The Latest on the investigation into EgyptAir flight 804, which crashed into the Mediterranean Thursday, killing all 66 on board (all times local):

5:15 p.m.

The head of Egypt's state-run provider of air navigation services says that EgyptAir flight 804 did not swerve or lose altitude before it disappeared off radar, challenging an earlier account by Greece's defense minister.

Ehab Azmy, head of the National Air Navigation Services Company, told The Associated Press on Monday that in the minutes before the plane disappeared it was flying at its normal altitude of 37,000 feet, according to the radar reading.

He says, "that fact degrades what the Greeks are saying about aircraft suddenly losing altitude before it vanished from radar."

According to Greece's defense minister Panos Kammenos the plane swerved and dropped to 10,000 feet before it fell off radar.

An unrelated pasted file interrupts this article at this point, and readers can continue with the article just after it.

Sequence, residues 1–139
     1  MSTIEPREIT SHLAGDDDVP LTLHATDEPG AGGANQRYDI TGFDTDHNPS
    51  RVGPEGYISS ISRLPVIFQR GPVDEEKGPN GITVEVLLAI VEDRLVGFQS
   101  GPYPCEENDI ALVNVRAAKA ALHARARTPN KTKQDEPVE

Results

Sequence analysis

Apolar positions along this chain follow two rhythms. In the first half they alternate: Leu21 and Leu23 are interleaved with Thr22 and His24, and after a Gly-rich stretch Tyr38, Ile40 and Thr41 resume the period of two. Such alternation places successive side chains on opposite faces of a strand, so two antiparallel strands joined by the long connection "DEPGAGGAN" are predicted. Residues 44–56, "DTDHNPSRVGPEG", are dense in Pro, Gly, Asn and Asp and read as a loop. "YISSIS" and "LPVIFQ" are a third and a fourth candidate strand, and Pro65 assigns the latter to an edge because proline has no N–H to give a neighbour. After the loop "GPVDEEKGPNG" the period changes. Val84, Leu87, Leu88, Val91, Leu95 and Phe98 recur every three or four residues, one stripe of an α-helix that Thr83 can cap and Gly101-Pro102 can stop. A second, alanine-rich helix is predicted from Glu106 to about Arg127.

Greek civil aviation authorities say all appeared fine with the flight until air traffic controllers were to hand it over to their Egyptian counterparts. The pilot did not respond to their calls, and then vanished from radars.

"There was no turning to right or left, and it was fine when it entered Egypt's FIR, which took nearly a minute or two before it disappeared," Azmy added.

5:00 p.m.

The French navy said Monday that one of its ships has arrived in the search area to help look for traces of EgyptAir Flight 804 that crashed in the Mediterranean and especially for its flight recorders.

The vessel is equipped with sonar that can pick up the underwater "pings" emitted by the recorders. It is specialized in maritime surveillance, and rescue and marine police missions.

The 80-meter (262-foot) ship left its Mediterranean home port of Toulon Friday with a crew of 90, including two judicial investigators.

The search area is roughly halfway between Egypt's coastal city of Alexandria and the Greek island of Crete, where water is 8,000 to 10,000 feet (2,440 to 3,050 meters) deep.